CBS News on Wednesday fired "60 Minutes" top executive Jeff Fager, who has been under investigation following reports that he groped women at parties and tolerated an abusive workplace.
The network news president, David Rhodes, said Fager's firing was "not directly related" to the allegations against him, but came because he violated company policy. A CBS News reporter working on a story about Fager revealed that he had sent her a text message urging her to "be careful."
Fager is the third major figure at CBS to lose his job in the past year over misconduct allegations, following news anchor Charlie Rose last November and CBS Corp. CEO Leslie Moonves on Sunday.
CBS News reporter Jericka Duncan said she received Fager's message after she started to work on a story about him on Sunday, following the posting of a New Yorker story with fresh allegations that were denied by Fager.
"There are people who lost their jobs trying to harm me and if you pass on these damaging claims without your own reporting to back them up that will become a serious problem," Fager wrote, according to Duncan.
Fager said in a statement Wednesday that "my language was harsh, and despite the fact that journalists receive harsh demands for fairness all the time, CBS did not like it."
He said he didn't think one note would have resulted in a dismissal after 36 years at the network, "but it did." Rhodes was not made available for comment, and he didn't comment for the "CBS Evening News," either.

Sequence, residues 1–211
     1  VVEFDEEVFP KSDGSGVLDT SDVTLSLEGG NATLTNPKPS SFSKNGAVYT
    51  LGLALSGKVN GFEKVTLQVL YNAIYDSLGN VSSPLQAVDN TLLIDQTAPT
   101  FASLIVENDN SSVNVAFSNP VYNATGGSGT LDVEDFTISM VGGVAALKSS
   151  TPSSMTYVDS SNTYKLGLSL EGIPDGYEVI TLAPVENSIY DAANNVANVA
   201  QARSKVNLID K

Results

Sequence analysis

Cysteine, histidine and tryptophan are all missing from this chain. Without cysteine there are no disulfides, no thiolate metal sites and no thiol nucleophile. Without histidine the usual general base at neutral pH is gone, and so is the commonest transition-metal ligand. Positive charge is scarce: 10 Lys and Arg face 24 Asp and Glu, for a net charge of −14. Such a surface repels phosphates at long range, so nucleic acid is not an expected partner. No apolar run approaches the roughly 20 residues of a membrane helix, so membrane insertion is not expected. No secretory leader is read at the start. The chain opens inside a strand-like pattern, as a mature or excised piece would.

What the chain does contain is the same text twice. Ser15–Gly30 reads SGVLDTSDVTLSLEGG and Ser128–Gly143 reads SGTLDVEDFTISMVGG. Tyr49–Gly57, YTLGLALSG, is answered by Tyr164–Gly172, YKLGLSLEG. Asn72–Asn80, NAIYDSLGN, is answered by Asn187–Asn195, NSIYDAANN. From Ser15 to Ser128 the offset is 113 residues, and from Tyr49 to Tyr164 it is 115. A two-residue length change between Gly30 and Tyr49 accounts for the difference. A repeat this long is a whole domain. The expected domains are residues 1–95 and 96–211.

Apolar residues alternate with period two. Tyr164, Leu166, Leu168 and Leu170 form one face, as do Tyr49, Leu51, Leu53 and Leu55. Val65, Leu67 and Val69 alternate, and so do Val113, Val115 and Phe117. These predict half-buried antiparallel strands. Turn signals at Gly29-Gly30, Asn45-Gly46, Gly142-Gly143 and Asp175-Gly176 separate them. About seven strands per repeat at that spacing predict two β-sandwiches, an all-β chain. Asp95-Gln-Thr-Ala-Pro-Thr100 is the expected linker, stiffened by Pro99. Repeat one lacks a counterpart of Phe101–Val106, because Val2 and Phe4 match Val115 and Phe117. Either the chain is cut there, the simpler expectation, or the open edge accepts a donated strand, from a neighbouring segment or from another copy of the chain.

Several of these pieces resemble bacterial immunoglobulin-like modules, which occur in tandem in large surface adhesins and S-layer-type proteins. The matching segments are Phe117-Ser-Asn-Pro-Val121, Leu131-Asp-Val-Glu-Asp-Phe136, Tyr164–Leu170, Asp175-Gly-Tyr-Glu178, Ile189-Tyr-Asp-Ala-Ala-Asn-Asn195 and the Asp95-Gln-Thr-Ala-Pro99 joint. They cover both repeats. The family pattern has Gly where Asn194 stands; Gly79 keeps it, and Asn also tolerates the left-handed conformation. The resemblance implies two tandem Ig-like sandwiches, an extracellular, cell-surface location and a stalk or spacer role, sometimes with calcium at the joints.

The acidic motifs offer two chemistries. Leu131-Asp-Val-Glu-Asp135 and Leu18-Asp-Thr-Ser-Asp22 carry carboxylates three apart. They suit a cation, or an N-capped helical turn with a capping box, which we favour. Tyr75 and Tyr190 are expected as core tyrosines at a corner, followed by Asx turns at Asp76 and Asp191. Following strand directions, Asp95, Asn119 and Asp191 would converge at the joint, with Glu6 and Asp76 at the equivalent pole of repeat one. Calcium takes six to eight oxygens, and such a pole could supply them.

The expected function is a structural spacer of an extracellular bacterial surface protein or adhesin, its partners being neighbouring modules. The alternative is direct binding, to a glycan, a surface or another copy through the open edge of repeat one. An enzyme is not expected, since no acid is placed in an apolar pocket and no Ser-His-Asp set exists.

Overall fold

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Following her report, evening news anchor Jeff Glor told Duncan that Fager's message was "unacceptable," and that everyone at the broadcast supported her.
The investigation into Fager by an outside law firm is not complete.
In two New Yorker articles, the latest posted on Saturday, some women described the "60 Minutes" culture as a boy's club that's rough on women. "I really felt like this was one of the most sexist places I've ever worked," Sarah Johansen, who worked as an intern in the 2000s and alleged Fager groped her, told the New Yorker.
But Fager has said that women have made significant advances at the broadcast, to the point where a majority its producers and associate producers are now women.
"60 Minutes" is the most popular and powerful news broadcast on television, and Fager is only the second person to lead it during its 50 years of history. He was appointed in 2004 to succeed founding executive Don Hewitt.
It's a rough-and-tumble place populated by some of the best journalists in television, and they aren't shy about letting you know it. The broadcast's offices are physically removed from the main CBS News office across 57th Street in Manhattan, and Rhodes held a tense meeting there with staff members on Wednesday about Fager's dismissal.
Fager once kept on his office wall a framed remnant of a curtain stained by a cup of coffee thrown at him by the late correspondent Morley Safer when the two worked together.
Fager worked to modernize the broadcast and uphold its standards during a changing of the guard from the show's original cast of figures like Mike Wallace, Andy Rooney and Safer. He recently wrote a book to commemorate the broadcast's 50th anniversary.
Fager and Rhodes had worked for several years as a team, when Fager was appointed CBS News chairman by Moonves. Rhodes was then brought in as news president, taking over full management of the news division when Fager went back to solely running "60 Minutes."
Fager's second in command at "60 Minutes," Bill Owens, will run the show while a search is conducted for a permanent replacement, Rhodes said. The show debuts a new season on Sept. 30.